“Discretionary categories such as fashion and travel products saw relatively slower growth but are expected to rebound to pre-pandemic growth-rates soon,” he said.
ET has reported previously that sellers have also witnessed a similar trend in segments such as grocery, essentials and work-from-home related products as well as kitchen and home care. Fashion continues to be the most depressed category.
Aided by the pandemic, e-tail reach, including grocery, has gone up to around 4.6% in FY21 compared to 3.5% a year ago.
Excluding grocery, ecommerce penetration stands at 19%-20% compared to 11%-12% a year ago.
The difference in average selling prices in metros and non-metros continues to narrow, while rural markets are driving the growth revival.
Even as Covid-19 cases have come down drastically, consumers who moved online to order groceries and other essentials are staying back.
Companies like BigBasket, Grofers, Amazon India and Flipkart continue to see increased demand and are trying to scale up infrastructure to meet the steady growth in demand for essentials.
Earlier this year, ET reported that BigBasket, now owned by the Tata group, became the second vertical ecommerce platform to clock gross sales of over $1 billion. Prior to this, only Flipkart-owned Myntra had surpassed this milestone.
According to the report, online grocery was estimated to see 40% growth before the pandemic but actually grew by 80% in FY21.
Now, practically all ecommerce and grocery platforms are rolling out express delivery options to deliver essentials in an hour or less.
“There is significant headroom (for ecommerce). And we will see a lot of growth going forward and a lot of that growth will be propelled by small town India,” Unnikrishnan said.
The report said there has been a 1.5-2X growth rate in women shoppers compared to men in 2020 and a 20% increase in online shoppers who are over the age of 45.
The Competition Commission has approved online food delivery platform Zomato’s proposed purchase of 9.3 per cent stake in online grocery shopping player Grofers India.
Zomato, last month, said it has invested USD 100 million (around Rs 745 crore) for acquiring a minority stake in Grofers as the company looks to have more exposure to the online grocery segment.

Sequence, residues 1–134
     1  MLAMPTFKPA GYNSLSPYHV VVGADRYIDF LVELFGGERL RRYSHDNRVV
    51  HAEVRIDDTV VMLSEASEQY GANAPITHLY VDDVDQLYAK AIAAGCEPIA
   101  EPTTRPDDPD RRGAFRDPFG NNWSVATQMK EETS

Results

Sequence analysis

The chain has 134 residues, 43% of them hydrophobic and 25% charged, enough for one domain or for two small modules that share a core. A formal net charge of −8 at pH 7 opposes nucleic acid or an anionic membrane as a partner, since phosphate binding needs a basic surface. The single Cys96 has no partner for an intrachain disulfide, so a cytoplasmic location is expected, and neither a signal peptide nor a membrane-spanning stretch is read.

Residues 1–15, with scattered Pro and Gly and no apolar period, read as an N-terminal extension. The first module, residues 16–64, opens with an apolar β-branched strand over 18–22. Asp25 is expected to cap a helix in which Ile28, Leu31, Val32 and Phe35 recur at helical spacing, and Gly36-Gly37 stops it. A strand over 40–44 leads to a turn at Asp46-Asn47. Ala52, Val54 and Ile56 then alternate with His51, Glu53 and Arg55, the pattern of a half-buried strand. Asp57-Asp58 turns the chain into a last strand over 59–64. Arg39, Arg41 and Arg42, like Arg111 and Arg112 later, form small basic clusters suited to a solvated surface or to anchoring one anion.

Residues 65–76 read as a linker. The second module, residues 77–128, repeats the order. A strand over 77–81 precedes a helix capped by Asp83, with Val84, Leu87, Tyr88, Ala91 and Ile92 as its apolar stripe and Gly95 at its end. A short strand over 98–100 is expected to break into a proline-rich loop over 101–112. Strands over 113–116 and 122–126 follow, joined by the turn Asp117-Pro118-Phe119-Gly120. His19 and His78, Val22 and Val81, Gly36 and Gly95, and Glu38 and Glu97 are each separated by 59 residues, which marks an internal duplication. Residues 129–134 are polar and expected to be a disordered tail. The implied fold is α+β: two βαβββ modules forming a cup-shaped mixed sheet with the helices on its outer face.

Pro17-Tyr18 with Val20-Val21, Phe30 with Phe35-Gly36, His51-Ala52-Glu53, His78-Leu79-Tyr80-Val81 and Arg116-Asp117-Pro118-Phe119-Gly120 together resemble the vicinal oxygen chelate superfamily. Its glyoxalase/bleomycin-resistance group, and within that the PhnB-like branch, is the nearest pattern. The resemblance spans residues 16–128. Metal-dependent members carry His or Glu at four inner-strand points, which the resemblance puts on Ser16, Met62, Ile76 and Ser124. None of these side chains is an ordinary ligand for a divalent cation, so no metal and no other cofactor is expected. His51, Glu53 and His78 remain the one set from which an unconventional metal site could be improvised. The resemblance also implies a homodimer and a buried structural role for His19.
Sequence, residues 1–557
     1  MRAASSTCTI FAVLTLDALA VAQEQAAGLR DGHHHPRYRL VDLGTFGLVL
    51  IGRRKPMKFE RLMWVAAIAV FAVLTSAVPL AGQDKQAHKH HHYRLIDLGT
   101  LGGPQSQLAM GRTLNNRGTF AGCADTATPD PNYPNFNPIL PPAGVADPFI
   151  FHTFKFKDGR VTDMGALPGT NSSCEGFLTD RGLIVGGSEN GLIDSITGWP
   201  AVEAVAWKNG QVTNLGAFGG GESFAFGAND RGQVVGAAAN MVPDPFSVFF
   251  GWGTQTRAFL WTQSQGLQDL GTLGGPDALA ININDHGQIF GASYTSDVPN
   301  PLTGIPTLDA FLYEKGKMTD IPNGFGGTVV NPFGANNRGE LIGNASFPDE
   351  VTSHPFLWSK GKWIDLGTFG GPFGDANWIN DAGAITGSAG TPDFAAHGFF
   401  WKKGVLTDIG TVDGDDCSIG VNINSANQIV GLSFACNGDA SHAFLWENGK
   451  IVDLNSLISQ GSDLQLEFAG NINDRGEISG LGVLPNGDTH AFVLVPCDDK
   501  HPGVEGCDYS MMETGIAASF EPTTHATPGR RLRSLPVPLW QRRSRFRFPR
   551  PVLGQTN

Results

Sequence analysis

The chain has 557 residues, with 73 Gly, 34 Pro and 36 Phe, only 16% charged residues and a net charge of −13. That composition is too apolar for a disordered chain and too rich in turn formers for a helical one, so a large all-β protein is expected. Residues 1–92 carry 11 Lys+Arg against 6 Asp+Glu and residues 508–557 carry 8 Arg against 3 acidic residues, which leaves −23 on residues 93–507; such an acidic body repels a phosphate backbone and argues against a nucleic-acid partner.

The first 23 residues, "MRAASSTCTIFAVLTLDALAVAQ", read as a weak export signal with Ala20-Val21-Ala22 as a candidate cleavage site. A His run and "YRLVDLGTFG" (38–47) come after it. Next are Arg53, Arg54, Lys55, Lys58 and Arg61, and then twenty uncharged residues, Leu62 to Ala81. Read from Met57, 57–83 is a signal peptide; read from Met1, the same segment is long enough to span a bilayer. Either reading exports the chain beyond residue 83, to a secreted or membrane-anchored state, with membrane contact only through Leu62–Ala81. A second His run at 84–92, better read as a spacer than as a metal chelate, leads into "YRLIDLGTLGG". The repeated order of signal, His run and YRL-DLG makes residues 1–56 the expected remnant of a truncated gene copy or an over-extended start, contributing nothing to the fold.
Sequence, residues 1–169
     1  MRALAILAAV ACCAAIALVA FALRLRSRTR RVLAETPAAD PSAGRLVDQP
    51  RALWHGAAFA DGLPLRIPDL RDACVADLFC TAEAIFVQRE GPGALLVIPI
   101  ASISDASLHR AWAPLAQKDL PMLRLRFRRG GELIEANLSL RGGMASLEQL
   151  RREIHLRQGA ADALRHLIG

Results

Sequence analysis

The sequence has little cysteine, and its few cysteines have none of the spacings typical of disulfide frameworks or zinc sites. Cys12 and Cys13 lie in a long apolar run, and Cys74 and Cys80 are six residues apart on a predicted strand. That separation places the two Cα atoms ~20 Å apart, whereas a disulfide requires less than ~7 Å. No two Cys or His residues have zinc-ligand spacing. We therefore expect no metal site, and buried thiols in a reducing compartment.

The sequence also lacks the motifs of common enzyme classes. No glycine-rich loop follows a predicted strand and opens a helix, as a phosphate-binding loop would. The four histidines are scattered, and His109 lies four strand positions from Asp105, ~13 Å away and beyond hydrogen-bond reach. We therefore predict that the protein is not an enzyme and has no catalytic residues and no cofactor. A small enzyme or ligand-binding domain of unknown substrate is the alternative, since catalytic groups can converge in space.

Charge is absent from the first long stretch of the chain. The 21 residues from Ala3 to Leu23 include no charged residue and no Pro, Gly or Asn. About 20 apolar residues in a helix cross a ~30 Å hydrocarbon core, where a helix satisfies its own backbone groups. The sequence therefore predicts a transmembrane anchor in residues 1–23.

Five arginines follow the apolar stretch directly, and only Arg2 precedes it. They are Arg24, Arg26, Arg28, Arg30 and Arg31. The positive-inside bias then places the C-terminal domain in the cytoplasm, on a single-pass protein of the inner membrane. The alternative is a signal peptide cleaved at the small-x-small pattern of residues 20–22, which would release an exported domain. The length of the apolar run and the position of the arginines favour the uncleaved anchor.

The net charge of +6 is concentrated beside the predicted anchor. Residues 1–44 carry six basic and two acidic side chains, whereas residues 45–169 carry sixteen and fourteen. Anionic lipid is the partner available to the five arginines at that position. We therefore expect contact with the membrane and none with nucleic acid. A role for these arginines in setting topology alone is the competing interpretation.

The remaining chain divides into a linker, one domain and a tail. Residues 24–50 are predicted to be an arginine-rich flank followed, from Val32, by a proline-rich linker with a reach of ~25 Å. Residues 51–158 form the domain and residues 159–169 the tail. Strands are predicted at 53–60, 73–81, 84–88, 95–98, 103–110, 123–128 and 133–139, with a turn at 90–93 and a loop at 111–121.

The recently-listed Zomato will acquire 9.3 per cent stake in Grofers India Pvt Ltd and Hands on Trades Pvt Ltd (HoT). Grofers International Pte is the holding company of Grofers India and HoT.
In a tweet on Friday, Competition Commission of India (CCI) said it has cleared the “proposed acquisition by Zomato of approximately 9.3% stake in Grofers India and Hands on Trades”.
Zomato was incorporated in January 2010 while Grofers India was set up in May 2015.
HoT is into the business of B2B wholesale trading with third party merchants, contract manufacturing of food products, grocery and other goods for the purpose of onward sale on a wholesale basis, and providing warehousing services, including storage of food products and grocery goods to third party merchants. It was incorporated in September 2015.
Under the transaction, Zomato would snap up around 9.3 per cent stake in “each of Grofers India and HoT along with certain rights in each of the targets,” as per a notice filed with the regulator.
The notice mentioned about potential relevant markets and segments where the activities of the parties overlap.
Such markets include those for supply of groceries, household items, general merchandise, personal hygiene products, fruits and vegetables in India as well as the narrower segment of B2B supply of groceries, household items, general merchandise, personal hygiene products, fruits and vegetables in the country.
Another potential relevant market is the one for services provided by online platforms for the sale of groceries, household items, general merchandise, personal hygiene products, fruits and vegetables in India.
“The parties submit that the potential relevant markets/ segments identified above are highly fragmented with the presence of multiple players, including several unorganised players, who will continue to impose significant competitive constraints.
“The proposed transaction will have no impact on the competitive landscape in any potential relevant market in India, in any manner,” the notice said.
The parties are Zomato, Grofers India, HoT and Grofers International.
“It (grocery) is a large opportunity. The online grocery is nascent right now but is growing rapidly not just in India but across the world… We are actively experimenting in that space and recently invested USD 100 million for a minority stake in Grofers, with the idea of getting more exposure to that space and building our strategies and plan around that business,” Zomato CFO Akshant Goyal said in July.